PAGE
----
Looking for a bareboat charter that is long on sunsets and short on hip hop bars? If you’re tired of fighting for the last mooring ball or have had it with all night generators and party crowds, consider these five destinations for your next charter. You’ll have a more exotic vacation and nobody at the yacht club will be able to one-up you as you recount the trip – primarily because it’s unlikely they have ever been there.
Like a time capsule in the middle of the South Pacific, Tonga is today what Tahiti must have been like 30 years ago. Made up of three major island groups (Tongatapu, Ha’apai and Vava’u) Tonga has 170 different islands. The northernmost set, Vava’u, is the only area that can be explored on charter via Sunsail. The cruising grounds are relatively small with the islands concentrated in a manageable area. Beware the reefs however, as the depths here go from 300 feet to 3 feet in just a couple of boat lengths.
Getting to the main village of Neiafu is surprisingly simple with direct flights from Los Angeles to Fiji and then just a short, 2-hour hop to Vava’u. Provisioning can be challenging as you’re likely to visit five different stores plus the produce and fish markets before you load up for a week’s worth of fare. Although there are some small eating establishments on various islands that are open during the high season, there is no other place to re-provision. And that’s some of the allure. Most of the time it will be you, a few salty cruisers and the locals who are unbelievably friendly and welcoming. Tongans pride themselves on their hospitality so a dinner or a church service with a family can be arranged and there’s never any need to worry about leaving the boat open while you’re off exploring caves, snorkeling coral gardens or lounging on a sugary beach by yourself.
Canarreos Archipeligo, Cuba
The resort town of Cienfuegos hosts Dream Yacht Charter, the major charter company in Cuba. A short flight or a long bus ride from Havana, Cienfuegos is worth a day of exploration in itself with its charming architecture and laid back vibe.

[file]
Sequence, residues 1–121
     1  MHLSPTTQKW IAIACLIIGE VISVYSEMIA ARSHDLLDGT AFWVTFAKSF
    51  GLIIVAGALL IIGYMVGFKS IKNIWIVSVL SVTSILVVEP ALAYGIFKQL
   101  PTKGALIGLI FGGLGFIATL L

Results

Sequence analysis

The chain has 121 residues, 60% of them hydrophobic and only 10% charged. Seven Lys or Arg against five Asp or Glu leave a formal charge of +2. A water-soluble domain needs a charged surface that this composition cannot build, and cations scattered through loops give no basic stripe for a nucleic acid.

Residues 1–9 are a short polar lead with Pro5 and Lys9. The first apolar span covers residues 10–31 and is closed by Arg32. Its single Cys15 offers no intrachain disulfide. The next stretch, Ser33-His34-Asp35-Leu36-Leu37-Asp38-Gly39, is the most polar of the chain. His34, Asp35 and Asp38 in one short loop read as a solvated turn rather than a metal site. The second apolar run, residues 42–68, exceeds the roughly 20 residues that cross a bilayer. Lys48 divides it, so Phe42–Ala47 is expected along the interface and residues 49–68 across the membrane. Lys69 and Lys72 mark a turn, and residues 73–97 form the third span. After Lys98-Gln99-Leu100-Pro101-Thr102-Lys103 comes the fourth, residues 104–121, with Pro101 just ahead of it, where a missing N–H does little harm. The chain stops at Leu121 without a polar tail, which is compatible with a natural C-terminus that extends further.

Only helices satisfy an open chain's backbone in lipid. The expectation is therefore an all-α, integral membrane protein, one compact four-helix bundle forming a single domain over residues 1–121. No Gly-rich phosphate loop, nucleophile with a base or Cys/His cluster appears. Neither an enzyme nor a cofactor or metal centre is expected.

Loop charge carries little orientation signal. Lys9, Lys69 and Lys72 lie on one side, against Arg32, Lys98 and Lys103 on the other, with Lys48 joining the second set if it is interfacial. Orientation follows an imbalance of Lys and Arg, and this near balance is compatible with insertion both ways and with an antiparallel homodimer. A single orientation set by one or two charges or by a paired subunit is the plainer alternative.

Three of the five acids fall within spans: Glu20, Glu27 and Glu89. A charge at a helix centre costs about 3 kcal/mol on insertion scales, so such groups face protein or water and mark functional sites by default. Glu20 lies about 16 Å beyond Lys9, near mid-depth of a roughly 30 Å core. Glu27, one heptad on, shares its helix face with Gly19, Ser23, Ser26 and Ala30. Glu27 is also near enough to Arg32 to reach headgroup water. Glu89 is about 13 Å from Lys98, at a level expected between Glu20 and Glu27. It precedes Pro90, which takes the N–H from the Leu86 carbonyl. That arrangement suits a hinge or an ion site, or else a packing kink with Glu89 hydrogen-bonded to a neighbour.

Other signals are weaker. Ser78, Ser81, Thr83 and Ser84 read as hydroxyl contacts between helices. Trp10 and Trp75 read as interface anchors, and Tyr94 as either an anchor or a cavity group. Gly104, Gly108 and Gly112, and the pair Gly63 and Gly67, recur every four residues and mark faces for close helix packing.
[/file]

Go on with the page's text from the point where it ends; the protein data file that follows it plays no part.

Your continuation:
Cienfuegos Bay is a large and deep harbor with one twisty outlet to the Caribbean Sea. Once outside, the decision is made whether to go east toward Jardines de la Reina (Gardens of the Queen) or west toward the Canarreos Archipelago. Either way, the first day will be a long one (approximately 40 nautical miles) and depending on the winds, either a lovely downwind reach or a bash to windward.
When heading toward Canarreos that is renowned for its beaches, the first stop will be a red and white rocket ship-like lighthouse on a long, narrow and weather-beaten island. It’s a must to climb the nearly 300 steps inside for a stunning view from the top.
After that, the islands are closer together until you reach Cayo Largo and its resort with the only WiFi available for miles. Nearby Playa Sirena is sublime and if you time it right, you’ll have it to yourself. Be sure to provision all that you’ll need for the week. There’s nothing to purchase out here except fish and lobster fresh from that day’s catch by the locals. The currency is rum – no cash accepted. Sometimes you can trade rice, sugar and flour with the fisherman. Here, the sunsets are spectacular, the bars are few and the fish are tasty.
Milos Island, Greece
If you’re wondering how any charter in the Med could be called “remote” given the number of sailors of all nationalities, rest assured that Milos Island, about 80 miles south of Athens is a perfect hideaway with some spectacular natural formations. Dream Yacht and Moorings both have bases near Athens and from there you can hop down to Kea (charming) and Mykonos (lively) and then take one long day to reach Milos that is too far for Greek weekenders and often overlooked by charterers heading to Santorini.